2. John, then you’re in for unpleasant surprises from my papers, because (a) I often don’t have a “conclusion” section, and (b) I write my introductions at the very end, after the work is done, because that’s how I can say what needs to be said and not prognosticate about the lethality of unsound hoovulators (which, despite your levity, I hope your readers realize is a very, very serious concern with significant social implications, especially if those readers are NSF PMs).

    However, there is a perfectly good strategy for those remaining papers (which is the bulk of the load) that I use. I begin my reading _with the related work_. This is remarkably effective for decent papers (and infuriating for ones with bad authors, because they don’t know how to _relate_ work). Because I have a pretty good fund of work in my head, by reading the related work I can see how the authors position their work relative to what has gone before.

    So: I first read the “wrapper” matter and make a list in my head of what I expect to see discussed. Then I read related work. This way I find out that the work is closest to this prior work, pretty far from that one (though the wrapper-matter led me to believe otherwise), and in particular the key contribution is going to be 10% more soundness over Regehr, et al while achieving the same performance as Venkatasubramanian, et al. I also note what I’m surprised _didn’t_ get said in this section, because these could be places where the authors are trying to pull wool over my eyes.

    In short, I TRIANGULATE. Now I have a space that the paper is trying to occupy, with its claims enumerated. With this I can commence reading the paper proper, checking off what I expect to see and not see and noting what I didn’t expect to see.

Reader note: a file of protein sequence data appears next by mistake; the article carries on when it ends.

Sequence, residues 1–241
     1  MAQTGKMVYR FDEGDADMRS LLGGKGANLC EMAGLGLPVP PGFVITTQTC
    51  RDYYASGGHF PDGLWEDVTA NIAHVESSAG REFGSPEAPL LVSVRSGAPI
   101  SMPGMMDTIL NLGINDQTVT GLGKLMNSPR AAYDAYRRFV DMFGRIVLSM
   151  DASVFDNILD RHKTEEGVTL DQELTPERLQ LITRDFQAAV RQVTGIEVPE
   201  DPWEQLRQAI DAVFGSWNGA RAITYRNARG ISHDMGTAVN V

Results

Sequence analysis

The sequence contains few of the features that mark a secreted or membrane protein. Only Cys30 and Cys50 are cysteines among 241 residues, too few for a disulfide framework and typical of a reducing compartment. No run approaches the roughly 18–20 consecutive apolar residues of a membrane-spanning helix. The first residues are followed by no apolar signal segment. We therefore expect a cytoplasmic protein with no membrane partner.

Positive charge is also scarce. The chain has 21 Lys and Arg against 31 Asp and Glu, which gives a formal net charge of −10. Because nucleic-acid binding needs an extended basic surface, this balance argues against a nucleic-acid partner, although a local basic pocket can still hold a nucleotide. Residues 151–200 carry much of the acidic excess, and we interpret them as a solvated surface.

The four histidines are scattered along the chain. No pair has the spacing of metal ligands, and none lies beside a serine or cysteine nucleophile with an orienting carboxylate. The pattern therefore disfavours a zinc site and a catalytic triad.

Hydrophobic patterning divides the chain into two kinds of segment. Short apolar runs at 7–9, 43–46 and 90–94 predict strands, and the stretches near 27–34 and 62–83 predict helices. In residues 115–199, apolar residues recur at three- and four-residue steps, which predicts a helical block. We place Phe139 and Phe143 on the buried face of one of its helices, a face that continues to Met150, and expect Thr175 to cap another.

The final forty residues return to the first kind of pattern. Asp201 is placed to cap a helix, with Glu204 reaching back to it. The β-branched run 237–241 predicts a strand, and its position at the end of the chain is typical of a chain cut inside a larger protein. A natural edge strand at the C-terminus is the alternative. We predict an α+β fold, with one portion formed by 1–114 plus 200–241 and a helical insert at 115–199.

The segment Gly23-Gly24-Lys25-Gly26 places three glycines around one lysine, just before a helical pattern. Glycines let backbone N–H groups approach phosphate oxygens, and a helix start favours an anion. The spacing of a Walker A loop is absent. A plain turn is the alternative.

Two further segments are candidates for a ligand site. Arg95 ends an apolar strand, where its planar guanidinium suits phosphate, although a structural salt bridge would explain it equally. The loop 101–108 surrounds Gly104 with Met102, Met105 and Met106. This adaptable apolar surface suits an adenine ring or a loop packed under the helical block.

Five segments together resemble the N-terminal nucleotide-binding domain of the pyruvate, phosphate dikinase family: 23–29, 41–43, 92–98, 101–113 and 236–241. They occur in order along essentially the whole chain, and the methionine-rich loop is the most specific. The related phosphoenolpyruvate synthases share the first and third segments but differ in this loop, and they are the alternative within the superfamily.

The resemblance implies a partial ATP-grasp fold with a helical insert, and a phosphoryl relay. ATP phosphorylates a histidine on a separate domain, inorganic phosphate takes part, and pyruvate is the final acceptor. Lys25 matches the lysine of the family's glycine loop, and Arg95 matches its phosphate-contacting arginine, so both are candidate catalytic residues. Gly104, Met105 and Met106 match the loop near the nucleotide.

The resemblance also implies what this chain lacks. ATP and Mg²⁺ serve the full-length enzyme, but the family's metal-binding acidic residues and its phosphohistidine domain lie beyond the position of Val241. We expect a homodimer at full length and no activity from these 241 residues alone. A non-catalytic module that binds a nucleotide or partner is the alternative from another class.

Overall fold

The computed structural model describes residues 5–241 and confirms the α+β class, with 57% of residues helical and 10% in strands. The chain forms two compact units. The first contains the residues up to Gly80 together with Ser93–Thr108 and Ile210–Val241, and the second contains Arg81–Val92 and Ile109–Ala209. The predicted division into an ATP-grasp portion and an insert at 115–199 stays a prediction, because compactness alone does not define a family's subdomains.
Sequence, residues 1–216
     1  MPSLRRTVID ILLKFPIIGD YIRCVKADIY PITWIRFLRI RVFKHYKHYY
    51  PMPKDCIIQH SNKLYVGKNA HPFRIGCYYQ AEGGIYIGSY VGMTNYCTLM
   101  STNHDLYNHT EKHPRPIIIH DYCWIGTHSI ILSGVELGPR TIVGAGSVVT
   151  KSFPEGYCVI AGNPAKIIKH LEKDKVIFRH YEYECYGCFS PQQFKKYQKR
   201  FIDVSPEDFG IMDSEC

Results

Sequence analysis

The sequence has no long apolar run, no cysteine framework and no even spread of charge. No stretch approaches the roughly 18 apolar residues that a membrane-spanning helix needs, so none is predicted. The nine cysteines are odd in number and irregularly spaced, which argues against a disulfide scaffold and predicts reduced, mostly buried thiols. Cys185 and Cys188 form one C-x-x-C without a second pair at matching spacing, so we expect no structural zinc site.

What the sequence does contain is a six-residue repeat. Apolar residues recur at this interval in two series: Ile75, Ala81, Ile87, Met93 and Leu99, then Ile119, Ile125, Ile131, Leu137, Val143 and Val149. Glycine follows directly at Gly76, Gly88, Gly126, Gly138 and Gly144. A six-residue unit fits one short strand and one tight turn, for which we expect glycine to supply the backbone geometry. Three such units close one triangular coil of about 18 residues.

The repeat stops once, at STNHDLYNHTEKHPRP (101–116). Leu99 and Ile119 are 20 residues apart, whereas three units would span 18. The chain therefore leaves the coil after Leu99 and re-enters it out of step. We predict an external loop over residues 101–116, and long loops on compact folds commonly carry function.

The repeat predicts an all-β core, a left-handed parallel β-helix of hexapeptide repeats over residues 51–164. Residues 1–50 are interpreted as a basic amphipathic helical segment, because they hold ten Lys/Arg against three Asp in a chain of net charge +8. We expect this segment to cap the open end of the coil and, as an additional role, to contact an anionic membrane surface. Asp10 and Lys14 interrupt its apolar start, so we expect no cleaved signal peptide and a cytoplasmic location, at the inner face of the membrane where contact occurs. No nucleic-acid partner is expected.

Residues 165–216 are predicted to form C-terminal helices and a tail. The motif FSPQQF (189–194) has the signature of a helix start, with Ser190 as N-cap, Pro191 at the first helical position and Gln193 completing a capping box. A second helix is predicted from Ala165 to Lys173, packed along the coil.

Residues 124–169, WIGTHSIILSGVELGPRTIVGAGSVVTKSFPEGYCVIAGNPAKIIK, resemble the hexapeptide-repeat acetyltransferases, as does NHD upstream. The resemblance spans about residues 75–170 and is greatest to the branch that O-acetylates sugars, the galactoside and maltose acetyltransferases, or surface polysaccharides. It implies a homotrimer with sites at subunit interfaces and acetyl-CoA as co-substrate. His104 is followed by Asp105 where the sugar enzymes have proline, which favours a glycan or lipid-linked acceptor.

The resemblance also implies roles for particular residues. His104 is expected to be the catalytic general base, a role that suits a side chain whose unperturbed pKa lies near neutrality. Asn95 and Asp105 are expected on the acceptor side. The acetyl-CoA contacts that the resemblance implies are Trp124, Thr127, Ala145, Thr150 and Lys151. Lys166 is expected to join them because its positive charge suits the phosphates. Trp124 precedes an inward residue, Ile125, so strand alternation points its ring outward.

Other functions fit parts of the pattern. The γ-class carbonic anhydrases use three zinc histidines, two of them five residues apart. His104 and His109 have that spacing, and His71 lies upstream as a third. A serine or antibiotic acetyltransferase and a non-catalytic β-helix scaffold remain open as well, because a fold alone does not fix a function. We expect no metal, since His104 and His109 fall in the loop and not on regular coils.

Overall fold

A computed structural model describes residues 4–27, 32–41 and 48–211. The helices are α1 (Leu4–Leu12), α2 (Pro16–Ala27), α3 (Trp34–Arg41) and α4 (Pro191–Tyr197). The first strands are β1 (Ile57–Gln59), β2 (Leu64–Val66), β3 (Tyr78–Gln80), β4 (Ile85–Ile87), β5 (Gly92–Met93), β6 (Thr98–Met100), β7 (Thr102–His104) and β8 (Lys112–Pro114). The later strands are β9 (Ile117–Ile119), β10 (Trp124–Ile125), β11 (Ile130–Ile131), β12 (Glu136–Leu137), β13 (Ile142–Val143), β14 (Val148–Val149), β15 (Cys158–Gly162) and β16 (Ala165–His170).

I made notes on the rest of my review process here:
    I don’t mention this triangulation issue because anyone who’s reading the above (typically a young grad student) doesn’t have the related work databank so this method wouldn’t apply.

  3. I really like the suggestion to read the conclusion first! A related tack that Jan Vitek suggested to me once was to judge the claimed contributions without worrying about the evidence for them, and if the contributions are insufficient you don’t need to spend lots of time reading the paper.

    Another time saver that your initial list hints at is to use tiered reviewing. Why have three or even four people review a paper that is clearly a D? Instead, have two people review it first. If they both say ‘D’ then it’s done. Only papers with two non-D reviews get out of the first round, and get a third review in the second round. Then, at the end of the second round, only papers whose outcome is still contentious get a fourth review, or even a fifth. That way you end up getting the same number of reviews total, but you put them where they are needed. The drawback is that there are more internal deadlines that reviewers have to adhere to.